What a fabulously confident and ingenuous-seeming political narcissist Ms. Fluke is. She really does think—and her party apparently thinks—that in a spending crisis with trillions in debt and many in need, in a nation in existential doubt as to its standing and purpose, in a time when parents struggle to buy the good sneakers for the kids so they’re not embarrassed at school . . . that in that nation the great issue of the day, and the appropriate focus of our concern, is making other people pay for her birth-control pills. That’s not a stand, it’s a non sequitur. She is not, as Rush Limbaugh oafishly, bullyingly said, a slut. She is a ninny, a narcissist and a fool.
And she was one of the great faces of the party in Charlotte. That is extreme. Childish, too.
Something else, and it had to do with tone. I remember the Republicans in Tampa bashing the president, hard, but not the entire Democratic Party. In Charlotte they bashed Mitt Romney, but they bashed the Republican Party harder. If this doesn’t strike you as somewhat unsettling, then you must want another four years of all war all the time between the parties. I don’t think the American people want that. Because, actually, they’re not extreme.
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Bill Clinton is The Master. That is stipulated. Almost everyone in the media was over the moon about his speech. It was a shrewd and superb moment of political generosity, his hauling into town to make the case, but it was a hack speech. It was the speech of a highly gifted apparatchik. All great partisan speeches include some hard and uncomfortable truths, but Mr. Clinton offered none. He knows better than so much of what he said. In real life he makes insightful statements on the debt, the deficit and the real threat they pose. He knows more about the need for and impediments to public-school reform than half the reformers do. He knows exactly why both parties can’t reach agreement in Washington, and what each has done wrong along the way. But Wednesday night he stuck to fluid fictions and clever cases. It was smaller than Bill Clinton is.
Still, he gave the president one great political gift: He put Medicaid on the table. He put it right there next to the pepper shaker and said Look at that! People talk Medicare and Social Security, but, as Mr. Clinton noted, more than half of Medicaid is spent on nursing-home care for seniors and on those with disabilities such as Down syndrome and autism. Will it be cut?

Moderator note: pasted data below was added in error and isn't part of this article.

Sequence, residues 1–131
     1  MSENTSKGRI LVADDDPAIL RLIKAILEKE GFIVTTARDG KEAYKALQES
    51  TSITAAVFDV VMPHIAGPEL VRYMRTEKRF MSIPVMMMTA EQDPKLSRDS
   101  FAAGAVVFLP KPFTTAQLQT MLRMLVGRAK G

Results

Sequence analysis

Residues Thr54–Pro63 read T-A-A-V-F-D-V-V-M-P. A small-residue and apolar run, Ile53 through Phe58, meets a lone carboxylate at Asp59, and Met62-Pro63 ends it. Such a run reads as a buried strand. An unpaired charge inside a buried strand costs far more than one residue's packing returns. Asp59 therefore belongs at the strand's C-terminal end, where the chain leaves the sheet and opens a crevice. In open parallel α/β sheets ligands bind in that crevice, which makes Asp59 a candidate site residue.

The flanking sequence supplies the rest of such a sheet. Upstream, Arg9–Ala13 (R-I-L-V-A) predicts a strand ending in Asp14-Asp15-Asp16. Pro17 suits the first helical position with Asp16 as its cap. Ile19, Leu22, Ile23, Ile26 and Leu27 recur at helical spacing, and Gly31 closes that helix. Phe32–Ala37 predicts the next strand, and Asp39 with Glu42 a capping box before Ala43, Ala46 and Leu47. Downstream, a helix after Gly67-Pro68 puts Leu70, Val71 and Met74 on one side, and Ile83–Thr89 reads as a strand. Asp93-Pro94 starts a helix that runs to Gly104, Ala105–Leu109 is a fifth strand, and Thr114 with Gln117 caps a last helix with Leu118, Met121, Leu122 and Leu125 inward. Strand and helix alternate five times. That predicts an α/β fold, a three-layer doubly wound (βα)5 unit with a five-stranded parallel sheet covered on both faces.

Here’s what I’m seeing the past 10 years. The baby boomers have been supporting their grown children and their aged parents. They are stressed, stretched and largely uncomplaining, because they know that as boomers—shallow, selfish—they’re the only generation not allowed to complain. And just as well, as complaints are the only area of national life where we have a surplus. But they are spiritually and financially holding the country together, and they’re coming to terms with the fact that it’s going to be that way for a good long time. They’re going to take a keen interest in where Medicaid goes.
Romney-Ryan take note: this will arrive as an issue.
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So: was it a good convention? We’ll know by the polls, by the famous bounce, or lack of it. A guess? Dead-cat bounce. Just like the Republicans got.
Maybe Mr. Clinton made a bigger, more broadly positive impression than I suspect; maybe a sense the Democrats were extreme will take hold. People left both conventions talking about only one thing: the debates. They know they didn’t move the needle in Tampa and Charlotte. The people in charge of politics aren’t so good at politics anymore.